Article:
The US Gov’t Will Never Apologize, Nor Will It Change

When the government is caught with their hand proverbially in the cookie jar – violating no less than the Constitution – you’d expect a platitude about what will be done to fix the situation, a kind of bureaucratic “mea culpa” if you will.

Sadly the US government has not provided a coherent and rational explanation as to why their covert intelligence agency was spying on the telephone calls and internet data of millions of perfectly law abiding Americans, and let us not forget the “Five Eyes” and the violations of a plethora of other nation’s countrymen.

Nope. We are told only that it is “us” – the IT security professionals, the journalists, the whistleblowers – who are at fault, or perhaps even a little misguided. The White House spin may even paint us as unpatriotic when the reverse is clearly the case. The official response has been one of confusion (“did we do that? I don’t have that information? Oh, that’s classified.”), minimization (“we are only collecting metadata”) and even flat out ridicule of those of us who would dare question a government that has effectively gone rogue and turned its spying apparatus on its people.

We must stop being naive and begin treating the Internet as an insecure place where all our data may be intercepted without our knowledge and kept for an indeterminate amount of time (and perhaps used to populate some kind of database on who you are based on your search habits, time of use, email contacts etc). This means that we need to get wise and stop using the Internet for tasks that we wouldn’t want our neighbors or business competitors to see.

Encryption is the key to solving this problem as it is clear that any political due process would be ineffective. But when major software companies are in bed with the US government, how can we even trust our operating system let alone our mail client, crypto software etc. Open source software projects have not been immune to subversion although the availability of source code for scrutiny serves as a disincentive for obvious modification (assuming people actually compile the software rather than download a binary; also it would be wise to mention the potential for an evil compiler aka a Thompson attack). The waters get murkier when we start looking at the potential for “bad” hardware. That RAID controller has DMA access and a nice little embedded OS of its own – imagine what it could do?

There are no clear answers here, unfortunately, just more questions as the paranoia and distrust reach higher and higher levels.

At a minimum we should be avoiding closed source operating systems and open source OS distributions with a commercial agenda. None of us can audit the entire kernel of, say Linux or FreeBSD so ultimately you have got to trust something. But you can build rings around your kingdom, so to speak and try and take a mutually distrustful approach to engineering any solution.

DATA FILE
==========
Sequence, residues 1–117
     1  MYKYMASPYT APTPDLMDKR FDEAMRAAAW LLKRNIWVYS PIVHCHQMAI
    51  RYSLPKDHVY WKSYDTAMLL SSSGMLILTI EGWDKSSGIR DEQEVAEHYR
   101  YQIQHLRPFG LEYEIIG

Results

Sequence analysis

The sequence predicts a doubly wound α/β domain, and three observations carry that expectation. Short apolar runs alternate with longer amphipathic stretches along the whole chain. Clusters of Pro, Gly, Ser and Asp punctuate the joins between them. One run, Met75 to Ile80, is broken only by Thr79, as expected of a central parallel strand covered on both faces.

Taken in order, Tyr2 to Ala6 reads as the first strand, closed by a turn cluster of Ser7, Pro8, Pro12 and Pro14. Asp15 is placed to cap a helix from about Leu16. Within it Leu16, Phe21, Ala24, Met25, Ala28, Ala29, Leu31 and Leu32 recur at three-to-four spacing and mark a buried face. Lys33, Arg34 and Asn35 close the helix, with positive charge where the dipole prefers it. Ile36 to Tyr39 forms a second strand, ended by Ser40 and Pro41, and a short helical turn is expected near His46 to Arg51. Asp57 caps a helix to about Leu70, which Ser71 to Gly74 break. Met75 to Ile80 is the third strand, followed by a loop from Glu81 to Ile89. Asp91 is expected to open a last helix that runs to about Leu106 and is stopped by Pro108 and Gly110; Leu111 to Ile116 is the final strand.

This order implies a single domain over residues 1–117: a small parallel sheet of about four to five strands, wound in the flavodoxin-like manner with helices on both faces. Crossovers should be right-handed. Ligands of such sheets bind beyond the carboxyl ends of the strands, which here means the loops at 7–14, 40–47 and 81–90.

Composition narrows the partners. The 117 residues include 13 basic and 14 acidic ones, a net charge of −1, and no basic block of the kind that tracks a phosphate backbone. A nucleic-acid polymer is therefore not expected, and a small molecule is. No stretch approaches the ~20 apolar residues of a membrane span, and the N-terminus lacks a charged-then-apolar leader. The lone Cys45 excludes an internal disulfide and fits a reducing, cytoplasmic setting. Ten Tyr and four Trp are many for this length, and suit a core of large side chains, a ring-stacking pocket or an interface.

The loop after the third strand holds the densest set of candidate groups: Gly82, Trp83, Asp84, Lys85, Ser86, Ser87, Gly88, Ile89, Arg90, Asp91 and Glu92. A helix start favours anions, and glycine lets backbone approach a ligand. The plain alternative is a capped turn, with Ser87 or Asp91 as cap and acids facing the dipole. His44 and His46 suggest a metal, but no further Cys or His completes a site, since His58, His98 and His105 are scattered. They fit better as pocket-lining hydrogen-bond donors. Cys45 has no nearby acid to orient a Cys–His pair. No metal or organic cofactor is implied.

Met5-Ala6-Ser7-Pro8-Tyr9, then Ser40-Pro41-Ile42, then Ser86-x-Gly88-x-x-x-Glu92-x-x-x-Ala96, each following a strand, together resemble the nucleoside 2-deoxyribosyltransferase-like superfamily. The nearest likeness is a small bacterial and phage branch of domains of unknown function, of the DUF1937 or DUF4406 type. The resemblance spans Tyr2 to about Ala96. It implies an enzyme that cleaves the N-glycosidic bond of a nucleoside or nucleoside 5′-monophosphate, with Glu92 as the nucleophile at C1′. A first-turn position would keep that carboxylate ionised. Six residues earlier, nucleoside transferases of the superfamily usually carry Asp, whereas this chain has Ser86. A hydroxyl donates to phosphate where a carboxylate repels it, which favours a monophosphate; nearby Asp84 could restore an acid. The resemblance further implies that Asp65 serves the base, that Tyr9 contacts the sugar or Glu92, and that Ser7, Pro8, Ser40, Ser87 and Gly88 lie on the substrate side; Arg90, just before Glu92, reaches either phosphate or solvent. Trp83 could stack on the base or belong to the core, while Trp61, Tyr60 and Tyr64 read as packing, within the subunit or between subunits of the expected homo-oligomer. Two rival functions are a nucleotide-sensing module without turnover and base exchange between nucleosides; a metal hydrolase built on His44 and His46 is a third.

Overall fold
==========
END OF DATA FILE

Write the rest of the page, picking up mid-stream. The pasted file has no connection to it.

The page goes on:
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2 thoughts on “The US Gov’t Will Never Apologize, Nor Will It Change

  1. Mike,

    The problems with encryption are multilevel, and the average web surfing mortal for whom ICT is not their normal line of work is going to strugle.

    And lets be honest if web browser code cutters are anything to go by app coders are going to go out of their way to ensure crypto never becomes usable or reliable even for themselves let alone any one else who has the misfortune to use their products.

    We know the CA architecture is broken beyond use let alone reliability or security, and in those twenty years nobody has put anything resembeling serious effort into reesolving the issue.

    But it’s not just the Apps that are broken beyond redemption, it’s many of the protocols and standards as well. For well over fifty years the supposed “trade representatives” of the Five Eye nations have in fact been the tools witting or otherwise of the Intel organisations of those countries. They propose and vote for methods to be put into standards that in one way or another weaken the security of the system they are for and in the same measure weaken the privacy of those who use the systems beyond anything most would consider reasonable.

    But worse as seen in NZ such intel orgs actually consider themselves above the elected governments because they feel that not just the politicos but those that vote for them can not be trusted in any way shape or form.

    And those at the top of these intel orgs know that with a few nudges and old boy network contacts will leave to join the boards of various companies to get 8000USD/hour or higher dispensing “wisdom”. The reality is they have effectivly been on the take for years befor hand ensuring the right companies etc get the contracts that will pay for their retirment positions…

    The power of such arangments will ensure that just about every closed source app of any note will get “fixed” in some way favorable to the intel orgs. If the company is small and not playing ball they will either get an offer they cannot refuse from a major player that is compliant or if that fails a smiler offer from a judge that might well be preceaded by a SWATING of the persons home and family (as has already been seen). And big companies that won’t play will get hit with “insider trading” or similar.

    Cleaning out this embeded coruption will be difficult, and if to many people start practicing OpSec that works befor this then you can be reasonably sure that legislation will come along to prevent it, such is the nature of the beast.

    So first we need –as good horror stories tell us– strong sunlight and silver bullets to bring them down.

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